Take a virtual tour of the Winslow Homer studio at Prouts Neck in Scarborough, which the Portland Museum of Art will open for tours on Sept. 25.

September 16, 2012

What Winslow Homer saw in Maine

The artist's profound impact on American art flourished during his time in Maine. Now, access to his newly restored Prouts Neck studio helps us see why.

By Bob Keyes bkeyes@pressherald.com
Staff Writer

(Continued from page 3)

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A picture window in the parlor of Winslow Homer’s studio at Prouts Neck in Scarborough offers an impressive view of the ocean, an inspiration for the artist in his day.

Gregory Rec/Staff Photographer

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The Winslow Homer Studio at Prouts Neck in Scarborough will open to the public Sept. 25.

Gregory Rec/Staff Photographer

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WHEN: Opens Saturday. On view through Dec. 30.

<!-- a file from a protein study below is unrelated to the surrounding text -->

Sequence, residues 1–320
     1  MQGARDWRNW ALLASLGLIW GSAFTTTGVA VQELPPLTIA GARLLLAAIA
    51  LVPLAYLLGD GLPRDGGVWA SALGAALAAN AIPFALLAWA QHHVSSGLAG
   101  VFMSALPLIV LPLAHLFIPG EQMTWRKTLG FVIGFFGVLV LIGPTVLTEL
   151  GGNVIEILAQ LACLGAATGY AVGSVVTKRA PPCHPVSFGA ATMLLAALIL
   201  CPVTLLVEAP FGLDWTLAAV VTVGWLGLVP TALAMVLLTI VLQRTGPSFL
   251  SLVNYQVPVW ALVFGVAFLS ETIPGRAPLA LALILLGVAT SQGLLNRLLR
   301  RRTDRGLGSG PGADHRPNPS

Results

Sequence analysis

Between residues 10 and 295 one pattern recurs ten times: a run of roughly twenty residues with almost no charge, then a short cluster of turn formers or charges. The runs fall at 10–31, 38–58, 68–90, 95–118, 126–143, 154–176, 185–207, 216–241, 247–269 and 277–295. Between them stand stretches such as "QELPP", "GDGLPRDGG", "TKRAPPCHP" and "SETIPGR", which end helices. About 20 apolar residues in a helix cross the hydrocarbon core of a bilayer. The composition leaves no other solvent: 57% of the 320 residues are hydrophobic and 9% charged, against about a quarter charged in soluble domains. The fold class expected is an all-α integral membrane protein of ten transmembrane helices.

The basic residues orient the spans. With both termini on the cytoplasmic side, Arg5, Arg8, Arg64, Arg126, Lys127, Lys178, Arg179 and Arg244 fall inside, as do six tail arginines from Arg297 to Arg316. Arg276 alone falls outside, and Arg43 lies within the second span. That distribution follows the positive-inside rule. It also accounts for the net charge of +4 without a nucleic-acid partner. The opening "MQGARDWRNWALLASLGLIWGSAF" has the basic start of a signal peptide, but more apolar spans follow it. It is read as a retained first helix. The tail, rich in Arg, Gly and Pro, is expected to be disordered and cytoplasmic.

WHERE: Portland Museum of Art, 7 Congress Square

HOURS: 10 a.m. to 5 p.m. daily, with extended hours to 9 p.m. Fridays through Columbus Day. After Columbus Day, the museum is closed Mondays.

HOW MUCH: $12; $10 for seniors and students with ID; $6 for ages 13 to 17; free for ages 12 and younger; free for all after 5 p.m. Friday

INFO: 775-6148; portlandmuseum.org


Feb. 24, 1836: Winslow Homer is born in Boston.

1859: Homer opens a studio in New York City.

1861: Harper’s magazine dispatches Homer to sketch scenes from the Civil War.

1863-66: Homer exhibits war-scene paintings at the National Academy of Design.